Friday, December 13, 2013

Dragon on the Moon

If Ferdinand and Isabella had been focussed on affordable health care for Spain, we'd all be speaking Nahuatl, or at least Portuguese, today. I'm not a technical expert on the space program at all, but I somehow have the feeling that we in the West have pretty much lost interest, and have become inner-directed (except for our policy of slapping Muslims around in foreign lands and inviting the survivors to move in with us and go on welfare) and reluctant to look up at the sky. I've read historians who say China was inner-directed 500 years ago and for that reason lost its edge and permitted several centuries of world domination by Europe and its colonies. Sounds reasonable to me, and now it looks like role-reversal, with China heading for the Moon and the US and Europe, Western Europe at least, spending all its money (and borrowing) more for Great Experiments in Social Engineering.

Now, the Moon seems irrelevant to many Americans, whose education has been mostly in self-esteem with little time left over for science and history, so L. Neil Smith gives us a short lesson in just how important that great big thing in the sky is:

The Mandarin In The Moon
by L. Neil Smith

Attribute to L. Neil Smith's The Libertarian Enterprise

There's an old saying (among Philosophy majors) that the true test of objective reality is to step off the curb in front of an oncoming bus.

I have here before me on the desktop, an article by Jeremy A. Kaplan of, run December 6, 2013 entitled "Why is China targeting the moon—and should NASA as well?" It raises a question in my mind: do people really get paid for being this slow on the uptake? Considering what's at stake, Kaplan's article is so full of idiotic and trivial prattle, it's difficult to suppress one's vomit reflex.

Of course that could be the fault of his editorial masters.

I can never decide what irritates me more, when people don't pay attention to me (I am a writer, after all, and a moderately vain one), or when they won't pay attention to the undeniable facts of objective reality.

I get extremely weary of predicting events and phenomena that seem perfectly obvious to me at the time I predict them, but to which other people still react as if the universe had given them a 2X4 between the eyes (when they don't just hide their heads in the sand or some other warm, dark, moist place) whenever they come to pass a decade or two later.

Allow me to put this as succinctly and straightforwardly as I can. Robert A. Heinlein's monumental novel The Moon Is A Harsh Mistress[ or Chinese Edition] appeared 47 years ago, in 1966. The minute it hit the stands, a time bomb began ticking that could go off in the next decade, possibly even sooner, destroying any hope humanity has ever cherished of individual liberty.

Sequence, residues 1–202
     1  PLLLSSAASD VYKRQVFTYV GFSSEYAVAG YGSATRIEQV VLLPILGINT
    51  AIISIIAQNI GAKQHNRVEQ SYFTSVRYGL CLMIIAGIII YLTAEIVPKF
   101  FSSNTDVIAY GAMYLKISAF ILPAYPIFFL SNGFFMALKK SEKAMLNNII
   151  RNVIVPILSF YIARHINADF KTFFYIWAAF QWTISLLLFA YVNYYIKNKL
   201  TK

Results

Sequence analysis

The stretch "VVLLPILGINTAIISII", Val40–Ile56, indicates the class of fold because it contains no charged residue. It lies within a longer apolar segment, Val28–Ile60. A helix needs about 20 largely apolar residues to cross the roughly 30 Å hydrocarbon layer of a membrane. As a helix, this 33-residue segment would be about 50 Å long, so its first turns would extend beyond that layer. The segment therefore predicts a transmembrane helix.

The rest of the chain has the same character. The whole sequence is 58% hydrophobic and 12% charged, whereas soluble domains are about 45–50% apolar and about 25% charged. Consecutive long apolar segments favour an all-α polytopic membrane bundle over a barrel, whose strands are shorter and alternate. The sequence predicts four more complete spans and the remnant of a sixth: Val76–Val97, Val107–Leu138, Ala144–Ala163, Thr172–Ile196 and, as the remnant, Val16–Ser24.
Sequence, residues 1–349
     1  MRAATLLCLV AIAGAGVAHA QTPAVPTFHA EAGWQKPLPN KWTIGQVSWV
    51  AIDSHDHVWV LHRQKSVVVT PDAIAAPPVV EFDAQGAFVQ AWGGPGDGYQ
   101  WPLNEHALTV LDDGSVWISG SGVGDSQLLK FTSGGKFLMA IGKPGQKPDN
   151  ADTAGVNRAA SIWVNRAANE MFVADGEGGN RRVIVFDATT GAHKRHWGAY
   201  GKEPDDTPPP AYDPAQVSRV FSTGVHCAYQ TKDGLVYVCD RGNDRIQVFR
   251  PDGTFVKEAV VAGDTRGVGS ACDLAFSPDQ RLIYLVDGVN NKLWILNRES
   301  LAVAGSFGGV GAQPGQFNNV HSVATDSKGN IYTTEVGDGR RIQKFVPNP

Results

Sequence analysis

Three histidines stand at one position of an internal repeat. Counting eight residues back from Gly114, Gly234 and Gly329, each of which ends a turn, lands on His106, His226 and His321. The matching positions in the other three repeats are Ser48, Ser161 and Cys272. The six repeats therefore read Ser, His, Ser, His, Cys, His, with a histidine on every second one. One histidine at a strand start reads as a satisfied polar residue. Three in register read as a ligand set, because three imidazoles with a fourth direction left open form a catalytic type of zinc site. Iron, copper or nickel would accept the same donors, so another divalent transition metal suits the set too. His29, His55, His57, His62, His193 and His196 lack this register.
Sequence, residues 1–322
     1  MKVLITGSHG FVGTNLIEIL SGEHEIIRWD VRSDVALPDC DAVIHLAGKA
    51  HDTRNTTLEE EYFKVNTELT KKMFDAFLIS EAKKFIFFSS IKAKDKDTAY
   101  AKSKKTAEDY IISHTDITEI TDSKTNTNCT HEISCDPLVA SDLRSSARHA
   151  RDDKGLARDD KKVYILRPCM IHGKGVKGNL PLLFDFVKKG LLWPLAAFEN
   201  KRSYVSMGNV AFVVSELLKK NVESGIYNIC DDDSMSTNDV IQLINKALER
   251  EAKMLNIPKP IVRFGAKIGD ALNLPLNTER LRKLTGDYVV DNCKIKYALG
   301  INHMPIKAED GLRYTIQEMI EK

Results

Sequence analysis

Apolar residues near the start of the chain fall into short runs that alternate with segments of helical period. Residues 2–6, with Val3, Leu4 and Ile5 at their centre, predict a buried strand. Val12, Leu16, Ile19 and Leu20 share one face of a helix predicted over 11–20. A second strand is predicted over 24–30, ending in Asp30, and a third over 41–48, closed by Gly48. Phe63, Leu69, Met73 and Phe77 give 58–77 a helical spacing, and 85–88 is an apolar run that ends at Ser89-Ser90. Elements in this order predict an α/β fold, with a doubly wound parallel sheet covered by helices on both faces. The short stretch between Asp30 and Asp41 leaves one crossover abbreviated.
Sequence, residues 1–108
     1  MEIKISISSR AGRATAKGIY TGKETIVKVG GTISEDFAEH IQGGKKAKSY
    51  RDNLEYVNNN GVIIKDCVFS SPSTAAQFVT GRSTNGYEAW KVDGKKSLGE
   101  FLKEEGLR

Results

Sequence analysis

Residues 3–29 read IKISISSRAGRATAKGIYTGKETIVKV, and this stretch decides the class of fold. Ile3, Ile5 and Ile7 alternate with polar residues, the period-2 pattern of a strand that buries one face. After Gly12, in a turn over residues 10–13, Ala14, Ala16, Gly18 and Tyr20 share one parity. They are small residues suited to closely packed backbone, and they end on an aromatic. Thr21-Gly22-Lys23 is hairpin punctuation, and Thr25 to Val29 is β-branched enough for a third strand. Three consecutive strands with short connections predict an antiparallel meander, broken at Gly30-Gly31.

Go read it right away. I'll wait here for you.

Done already?


Three years ago, I spelled it out without fictional trappings in an essay in these pages called "China Moon". Here it is: whoever controls the Moon controls the Earth and everything and everybody on it.
You should read that right away, too.

The facts are terrifying. Briefly, chunks of rock (not something expensive, like missiles, can be dropped from the Moon to the Earth with effects, depending on mass and velocity, comparable to falling objects that changed the course of biological history in the ancient past.

If a member of the Oathkeepers or a Tea Partier makes a speech in Cleveland or leads a demonstration in Bakersfield that our Lunar Overlords don't care for, both cities can be spectacularly reduced to glowing lakes of molten glass, and the next individual who threatens to make a politically incorrect speech or lead a demonstration gets torn limb from limb on TV so the Overlords can see it, by his own neighbors.

That truly will be the end of history.

And of anything worth living for or fighting for.

Something drastic has to be done. The simplest thing would be to build a military base on the Moon amidst the howls and screams of so-called "progressives" and the genocidal scum at the United Nations. Forget the pseudoscientific wimps and halfwits at NASA. Turn the Navy loose.

Don't look to the present government. They're a huge part of the problem. Over the past several years, the Administration of Barack Hussein Obama has given us more than sufficient reason to believe that it is a wholly-owned subsidiary of the Chinese communist government. And in any case, as my wife Cathy L.Z. Smith observes, governments, even when they disagree with one another, are united against their citizens.

I expect lots of screaming from my fellow libertarians, as well. I have made myself unpopular by recognizing that the only way to control the government is to become the government. (This doesn't contradict anarchism, it may be the best way to facilitate it; in the end it becomes a test of character.) This is a somewhat similar case. The best way to prevent being enslaved is by making it too difficult and expensive.

It can all be done within principle, but I'll leave explaining that for when I'm thoroughly convinced that someone is actually paying attention.

The alternative?

Get some knee-pads and brush up your Mandarin.

1 comment:

  1. The rest of the world lives with the constant threat of American nuclear weapons. A much more immediate threat than Chinese mass drivers on the moon. And even America already lives with a significant threat from Russian and Chinese nukes - of course the US has the capacity to retaliate, which most nations don't.
    External military threats are a minor issue. The main threat to your liberty comes from your own government, not Fu Manchu.